Given that background, I was both disappointed and delighted to read the news from H&R Block that they were scrambling to replace HSBC as their lender and credit source for RALs for the 2011 tax season.  This should not have been a surprise to them, but it was a surprise to me to see that HSBC had continued to stand behind the RALs in 2011, long after they had assured me that they would be out of the business completely.  Clearly in the last 2 ½ years since I left ACORN the organization had taken its eye off of the target and the consequences had not been good for lower income working families who are dependent on professional preparers.  That is disappointing.

Delightful was seeing that the IRS finally did the right thing after having been an enabler to this thievery for so many years and eliminated a code this last summer that allowed tax preparers to know whether or not the likelihood was good that the filer would receive their entire refund sufficiently to cover the charges and fees being larded on by the preparers.  The IRS was effectively doing a low grade “credit check” for the preparers.  Disgusting!  Once they did that the Office of the Controller of the Currency (OCC), one of the many federal bank regulators, issued a determination barring HSBC and the like from such lending by classifying it now as too risky, despite a last minute contract extension that Block (after filing suit against HSBC for reneging on the contract) had negotiated with HSBC for the 2011 season where Block would cover all HSBC losses.  Finally the federales did the right thing!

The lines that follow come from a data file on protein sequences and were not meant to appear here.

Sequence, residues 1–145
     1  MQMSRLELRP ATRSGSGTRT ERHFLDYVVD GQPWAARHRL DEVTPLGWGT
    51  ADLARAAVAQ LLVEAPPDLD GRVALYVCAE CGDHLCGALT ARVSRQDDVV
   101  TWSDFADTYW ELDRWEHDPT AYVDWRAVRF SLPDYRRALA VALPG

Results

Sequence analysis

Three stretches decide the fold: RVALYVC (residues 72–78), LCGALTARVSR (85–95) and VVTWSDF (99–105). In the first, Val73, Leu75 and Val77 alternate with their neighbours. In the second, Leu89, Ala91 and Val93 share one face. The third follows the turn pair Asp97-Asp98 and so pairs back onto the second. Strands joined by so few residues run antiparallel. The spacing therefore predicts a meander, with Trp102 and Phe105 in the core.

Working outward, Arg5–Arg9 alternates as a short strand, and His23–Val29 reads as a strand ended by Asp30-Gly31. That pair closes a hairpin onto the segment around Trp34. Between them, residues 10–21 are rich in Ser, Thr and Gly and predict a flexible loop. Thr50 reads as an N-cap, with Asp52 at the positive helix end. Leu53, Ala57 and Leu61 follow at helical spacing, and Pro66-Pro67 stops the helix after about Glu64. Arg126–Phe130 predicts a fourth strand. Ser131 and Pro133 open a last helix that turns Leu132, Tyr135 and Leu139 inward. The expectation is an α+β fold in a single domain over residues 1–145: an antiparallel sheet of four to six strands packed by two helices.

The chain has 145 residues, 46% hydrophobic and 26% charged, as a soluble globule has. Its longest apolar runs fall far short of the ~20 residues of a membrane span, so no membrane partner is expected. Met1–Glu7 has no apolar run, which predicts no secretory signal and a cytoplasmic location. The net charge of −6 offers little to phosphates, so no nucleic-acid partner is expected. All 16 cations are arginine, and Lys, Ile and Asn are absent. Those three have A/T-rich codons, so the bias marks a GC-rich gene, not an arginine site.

Though this may be the death knell for RALs, which are a loan with interest, against the sums, some of the other predatory schemes will still survive.  Block announced that it would continue to fund refund anticipation checks, which are more like advances, through its own bank, the H&R Block Bank.

These predatory operations have been crack cocaine for the big-time preparers for years, so it will take some time and effort to cut the heads off of theses snakes, but at least more of the tails are now going.

Thanks to Eileen A.J. Connelly and David Pitt, AP personal finance writers for a great story on these developments!

Facebooktwitterredditpinterestlinkedinmail